• " Every precept, be it minor or major, must be weighed in the scale of one's heart wherein the Eternal has implanted some of His wisdom. Thus if there appears something in the Torah that is intellectually impossible to accept or contrary to the evidence of our senses then we must search for a hidden meaning. This is so because intelligence is the basis of the Torah. The Torah was not given to ignoramuses.  Man's intelligence is the angel which mediates between him and his God. (Ibn Ezra Introduction to Commentary on the Torah).
    • Ibn Ezra distinguished among three types of mitzvot.
      1. Rational laws. Ibn Ezra refers to them as pikkudim (deposits). The pikkudim are so called because God deposited them in the mind.“These laws are not contingent upon place, time or any other thing.”22  These laws “were known via reason before the Torah was given though the agency of Moses [at Sinai].” 23“The Decalogue, with the exclusion of the Sabbath, is an example.”24
    • The pikkudim include those laws classified by tradition as mishpatim (civil laws) and various types of behavior such as laws against incest and adultery.25 The pikkudim are the fundamental laws of the Torah. 26 
    • 2. Symbolic precepts. Commandments that serve as reminders of the rational laws or of precepts that all Israelites, both men and women, are obligated to be conscious of at all times. The Sabbath, which recalls creation, is an example.27
    • 3. Esoteric commandments.  Commandments that possess a purpose that only a few can fathom.  An individual is obligated to observe  these commandments even if he does not understand their purpose or function. A person who refuses to observe the laws until he knows the reason for their observance "will  be like a child who refuses to eat bread until he first knows how the ground was plowed, the grain planted, harvested, winnowed, cleaned, ground, sifted, kneaded and baked. If a child acts thusly, he will surely die of starvation. The correct thing for a child to do is eat normally and, as he grows, ask a little at a time until all of his questions are answered. Similarly, an intelligent person can ultimately learn the very many clearly stated reasons, which the Torah itself offers for the precepts. However, there are commandments the reason for which “only one man in a thousand knows.”28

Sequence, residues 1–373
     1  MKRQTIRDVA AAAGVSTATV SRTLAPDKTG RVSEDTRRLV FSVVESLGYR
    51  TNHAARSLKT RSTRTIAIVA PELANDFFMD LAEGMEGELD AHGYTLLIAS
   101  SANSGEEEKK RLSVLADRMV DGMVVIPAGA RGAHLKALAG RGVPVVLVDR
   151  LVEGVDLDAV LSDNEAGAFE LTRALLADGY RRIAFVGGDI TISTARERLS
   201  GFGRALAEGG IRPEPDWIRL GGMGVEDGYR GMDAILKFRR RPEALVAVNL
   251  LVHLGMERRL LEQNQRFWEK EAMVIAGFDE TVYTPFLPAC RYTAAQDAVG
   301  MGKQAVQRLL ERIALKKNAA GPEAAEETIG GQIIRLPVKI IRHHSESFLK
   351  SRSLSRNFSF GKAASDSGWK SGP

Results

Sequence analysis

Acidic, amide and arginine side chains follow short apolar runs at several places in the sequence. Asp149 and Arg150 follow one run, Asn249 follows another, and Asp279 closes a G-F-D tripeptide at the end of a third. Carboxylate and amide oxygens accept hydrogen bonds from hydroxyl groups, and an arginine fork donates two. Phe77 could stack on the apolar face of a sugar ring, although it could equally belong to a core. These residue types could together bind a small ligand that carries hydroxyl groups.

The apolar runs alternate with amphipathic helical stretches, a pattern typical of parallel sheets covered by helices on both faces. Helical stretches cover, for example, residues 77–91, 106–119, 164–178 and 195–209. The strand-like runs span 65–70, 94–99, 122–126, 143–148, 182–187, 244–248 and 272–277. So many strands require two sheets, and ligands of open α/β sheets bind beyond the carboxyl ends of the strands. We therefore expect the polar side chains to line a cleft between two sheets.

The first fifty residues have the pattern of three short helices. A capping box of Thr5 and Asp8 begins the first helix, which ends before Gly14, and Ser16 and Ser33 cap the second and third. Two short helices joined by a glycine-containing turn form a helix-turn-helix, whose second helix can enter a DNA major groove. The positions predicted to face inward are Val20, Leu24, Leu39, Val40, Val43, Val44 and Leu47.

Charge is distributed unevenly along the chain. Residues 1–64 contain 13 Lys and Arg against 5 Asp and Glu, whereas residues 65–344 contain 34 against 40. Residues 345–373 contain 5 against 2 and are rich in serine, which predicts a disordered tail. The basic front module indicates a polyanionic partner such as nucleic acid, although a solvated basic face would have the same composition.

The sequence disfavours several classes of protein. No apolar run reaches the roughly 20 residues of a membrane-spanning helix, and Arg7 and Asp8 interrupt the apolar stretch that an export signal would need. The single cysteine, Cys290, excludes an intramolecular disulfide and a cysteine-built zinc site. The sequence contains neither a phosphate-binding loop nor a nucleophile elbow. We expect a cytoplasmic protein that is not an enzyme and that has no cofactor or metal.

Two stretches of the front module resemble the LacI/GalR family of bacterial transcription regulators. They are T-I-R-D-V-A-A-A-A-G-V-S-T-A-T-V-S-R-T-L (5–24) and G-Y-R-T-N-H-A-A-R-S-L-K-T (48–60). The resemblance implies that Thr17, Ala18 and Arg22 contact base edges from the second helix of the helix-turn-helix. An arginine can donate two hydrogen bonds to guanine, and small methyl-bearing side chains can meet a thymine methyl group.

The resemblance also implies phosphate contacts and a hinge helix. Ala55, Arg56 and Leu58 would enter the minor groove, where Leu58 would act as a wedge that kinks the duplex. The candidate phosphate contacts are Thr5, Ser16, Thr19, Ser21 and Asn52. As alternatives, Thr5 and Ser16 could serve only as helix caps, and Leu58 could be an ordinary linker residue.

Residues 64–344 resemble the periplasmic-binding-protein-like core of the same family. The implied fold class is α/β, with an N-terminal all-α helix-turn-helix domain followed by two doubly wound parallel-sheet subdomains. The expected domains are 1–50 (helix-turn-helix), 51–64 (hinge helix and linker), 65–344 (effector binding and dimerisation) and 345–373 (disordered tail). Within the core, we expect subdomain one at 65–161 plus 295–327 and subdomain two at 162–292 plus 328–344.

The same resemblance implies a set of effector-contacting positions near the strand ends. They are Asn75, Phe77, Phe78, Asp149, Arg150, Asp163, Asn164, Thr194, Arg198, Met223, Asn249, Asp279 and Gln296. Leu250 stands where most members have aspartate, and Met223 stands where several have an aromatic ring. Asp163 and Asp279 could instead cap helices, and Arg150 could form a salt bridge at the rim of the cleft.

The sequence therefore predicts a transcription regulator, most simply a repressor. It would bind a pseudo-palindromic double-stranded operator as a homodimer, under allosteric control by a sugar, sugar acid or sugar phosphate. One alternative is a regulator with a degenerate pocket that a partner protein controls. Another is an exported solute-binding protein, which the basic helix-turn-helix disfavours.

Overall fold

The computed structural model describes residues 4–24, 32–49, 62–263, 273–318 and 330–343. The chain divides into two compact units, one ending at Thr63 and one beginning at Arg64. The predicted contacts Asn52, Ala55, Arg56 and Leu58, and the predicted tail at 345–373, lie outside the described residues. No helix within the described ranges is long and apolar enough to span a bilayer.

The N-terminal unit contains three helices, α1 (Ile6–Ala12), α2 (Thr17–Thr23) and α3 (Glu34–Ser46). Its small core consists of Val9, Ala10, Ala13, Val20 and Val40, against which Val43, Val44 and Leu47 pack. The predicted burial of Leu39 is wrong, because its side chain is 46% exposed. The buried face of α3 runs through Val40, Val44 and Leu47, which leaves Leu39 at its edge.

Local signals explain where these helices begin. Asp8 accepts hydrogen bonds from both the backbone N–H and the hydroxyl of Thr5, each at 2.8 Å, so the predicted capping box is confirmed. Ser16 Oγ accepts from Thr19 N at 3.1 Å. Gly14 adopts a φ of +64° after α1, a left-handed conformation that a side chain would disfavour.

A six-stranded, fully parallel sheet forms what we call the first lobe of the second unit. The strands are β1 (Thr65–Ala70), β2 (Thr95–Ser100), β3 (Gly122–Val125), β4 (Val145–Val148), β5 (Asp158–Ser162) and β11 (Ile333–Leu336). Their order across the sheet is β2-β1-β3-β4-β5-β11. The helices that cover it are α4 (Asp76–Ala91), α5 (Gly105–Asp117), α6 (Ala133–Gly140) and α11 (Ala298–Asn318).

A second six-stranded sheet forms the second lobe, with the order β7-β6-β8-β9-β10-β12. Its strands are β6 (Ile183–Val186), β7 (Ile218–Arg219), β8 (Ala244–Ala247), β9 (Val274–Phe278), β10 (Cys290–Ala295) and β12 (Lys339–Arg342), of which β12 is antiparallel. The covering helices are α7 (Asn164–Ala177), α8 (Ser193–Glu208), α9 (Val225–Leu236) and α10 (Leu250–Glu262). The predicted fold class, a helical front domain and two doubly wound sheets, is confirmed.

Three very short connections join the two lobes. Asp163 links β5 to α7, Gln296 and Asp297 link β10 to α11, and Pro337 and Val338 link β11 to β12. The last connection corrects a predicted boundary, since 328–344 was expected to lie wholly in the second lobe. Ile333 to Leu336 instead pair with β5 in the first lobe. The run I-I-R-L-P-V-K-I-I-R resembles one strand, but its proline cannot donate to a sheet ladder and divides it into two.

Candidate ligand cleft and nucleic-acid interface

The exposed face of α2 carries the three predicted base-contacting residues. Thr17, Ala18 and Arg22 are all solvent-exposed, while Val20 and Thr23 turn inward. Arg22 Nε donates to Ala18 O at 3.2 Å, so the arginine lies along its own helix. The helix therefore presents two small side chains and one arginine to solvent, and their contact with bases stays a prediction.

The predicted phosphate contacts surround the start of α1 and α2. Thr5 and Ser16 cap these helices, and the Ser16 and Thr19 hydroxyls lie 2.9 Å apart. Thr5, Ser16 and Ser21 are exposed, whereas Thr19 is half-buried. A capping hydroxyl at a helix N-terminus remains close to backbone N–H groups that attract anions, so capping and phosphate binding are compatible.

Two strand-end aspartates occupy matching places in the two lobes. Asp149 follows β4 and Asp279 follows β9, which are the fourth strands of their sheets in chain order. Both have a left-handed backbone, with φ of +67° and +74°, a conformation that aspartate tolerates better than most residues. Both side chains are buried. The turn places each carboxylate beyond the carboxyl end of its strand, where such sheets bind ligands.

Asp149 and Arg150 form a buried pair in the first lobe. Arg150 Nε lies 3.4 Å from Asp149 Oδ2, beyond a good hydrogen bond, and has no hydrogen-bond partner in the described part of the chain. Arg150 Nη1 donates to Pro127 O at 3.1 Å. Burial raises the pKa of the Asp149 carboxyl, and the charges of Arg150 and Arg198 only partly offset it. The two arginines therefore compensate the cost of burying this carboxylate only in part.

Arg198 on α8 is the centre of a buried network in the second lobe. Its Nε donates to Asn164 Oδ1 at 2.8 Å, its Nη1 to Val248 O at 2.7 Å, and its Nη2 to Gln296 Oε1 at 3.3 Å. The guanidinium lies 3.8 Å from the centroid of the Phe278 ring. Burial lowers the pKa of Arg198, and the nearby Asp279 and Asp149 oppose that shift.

Works

  • Biblical commentaries
  • The Torah.
  • Mikra'ot Gedolot-  AlHaTorah.סrg.
  • Pirush Ha-torah Le-Rabbenu R. Avraham ibn Ezra Edited and annotated by Asher Weiser. Mosad Ha-Rav Kook 1976.
  • Torat Chaim. Mosad Ha-Rav Kook, 1986
  • Chumash Mechokekei Yehudah, R. Yehudah Leib ben R. Yitzchak Krinsky, reprint, N.Y. 1975.
  • Mikra`ot Gedolot - `Haketer'
  • Commentary on Isaiah. Ibn Ezra on Isaiah, Ed. and translated by Michael Friedlander.
  • Simon, Uriel. Shenei Pirushei R. Avraham ibn Ezra Le-Terei Asor; Kerech Alef, Hoshe'a ,Yo'el, Amos. Israel, 1989.
  • The Minor Prophets, Pirush R. Avraham ibn Ezra Al Hoshe'a. Avraham Lipshitz, New York, 1988
  • Sefer Iyov Im Pirush Ibn Ezra Annotated and Commented by Rabbi Mordecai Sha'ul Goodman . Mosad Harav Kook, 2009
  • Sefer Kohelet im Pirush Ibn Ezra, Annotated and Commented by Rabbi Mordecai Sha'ul Goodman, Mosad Harav Kook, 2012.
  • Commentary on Daniel. Mikra'ot Gedollot
  • Commentary on The Five Scrolls. Mikra’ot Gedollot
  • English Translations:
  • The Pentateuch

    Ibn Ezra’s Commentary on the Pentateuch (Genesis) Translated & Annotated by H. Norman Strickman & Arthur Silver. Menorah Press, New York - 1988.
  • Ibn Ezra’s Commentary on the Pentateuch (Exodus) Translated & Annotated by H. Norman Strickman & Arthur Silver. Menorah Press, New York - 1996.